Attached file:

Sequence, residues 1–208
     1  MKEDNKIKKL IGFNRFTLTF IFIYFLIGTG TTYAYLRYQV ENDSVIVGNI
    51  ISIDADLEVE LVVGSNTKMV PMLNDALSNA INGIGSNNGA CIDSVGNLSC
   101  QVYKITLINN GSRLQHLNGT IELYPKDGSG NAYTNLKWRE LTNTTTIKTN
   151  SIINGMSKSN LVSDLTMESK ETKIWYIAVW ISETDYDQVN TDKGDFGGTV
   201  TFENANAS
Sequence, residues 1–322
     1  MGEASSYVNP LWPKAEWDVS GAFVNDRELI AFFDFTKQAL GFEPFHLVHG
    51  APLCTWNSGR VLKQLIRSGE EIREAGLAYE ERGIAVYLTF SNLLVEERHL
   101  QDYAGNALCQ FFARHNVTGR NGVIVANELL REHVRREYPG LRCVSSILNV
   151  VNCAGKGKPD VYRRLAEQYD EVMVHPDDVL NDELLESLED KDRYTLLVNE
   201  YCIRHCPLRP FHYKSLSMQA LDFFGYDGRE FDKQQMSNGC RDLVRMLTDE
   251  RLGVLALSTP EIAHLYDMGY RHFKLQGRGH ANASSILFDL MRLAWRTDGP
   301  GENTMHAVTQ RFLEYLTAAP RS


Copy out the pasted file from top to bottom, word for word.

Sequence, residues 1–208
     1  MKEDNKIKKL IGFNRFTLTF IFIYFLIGTG TTYAYLRYQV ENDSVIVGNI
    51  ISIDADLEVE LVVGSNTKMV PMLNDALSNA INGIGSNNGA CIDSVGNLSC
   101  QVYKITLINN GSRLQHLNGT IELYPKDGSG NAYTNLKWRE LTNTTTIKTN
   151  SIINGMSKSN LVSDLTMESK ETKIWYIAVW ISETDYDQVN TDKGDFGGTV
   201  TFENANAS
Sequence, residues 1–322
     1  MGEASSYVNP LWPKAEWDVS GAFVNDRELI AFFDFTKQAL GFEPFHLVHG
    51  APLCTWNSGR VLKQLIRSGE EIREAGLAYE ERGIAVYLTF SNLLVEERHL
   101  QDYAGNALCQ FFARHNVTGR NGVIVANELL REHVRREYPG LRCVSSILNV
   151  VNCAGKGKPD VYRRLAEQYD EVMVHPDDVL NDELLESLED KDRYTLLVNE
   201  YCIRHCPLRP FHYKSLSMQA LDFFGYDGRE FDKQQMSNGC RDLVRMLTDE
   251  RLGVLALSTP EIAHLYDMGY RHFKLQGRGH ANASSILFDL MRLAWRTDGP
   301  GENTMHAVTQ RFLEYLTAAP RS